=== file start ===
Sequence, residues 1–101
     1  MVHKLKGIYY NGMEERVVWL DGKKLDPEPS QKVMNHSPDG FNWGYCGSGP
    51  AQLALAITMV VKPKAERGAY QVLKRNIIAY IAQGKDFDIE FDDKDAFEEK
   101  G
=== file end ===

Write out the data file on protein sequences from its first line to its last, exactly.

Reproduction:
Sequence, residues 1–101
     1  MVHKLKGIYY NGMEERVVWL DGKKLDPEPS QKVMNHSPDG FNWGYCGSGP
    51  AQLALAITMV VKPKAERGAY QVLKRNIIAY IAQGKDFDIE FDDKDAFEEK
   101  G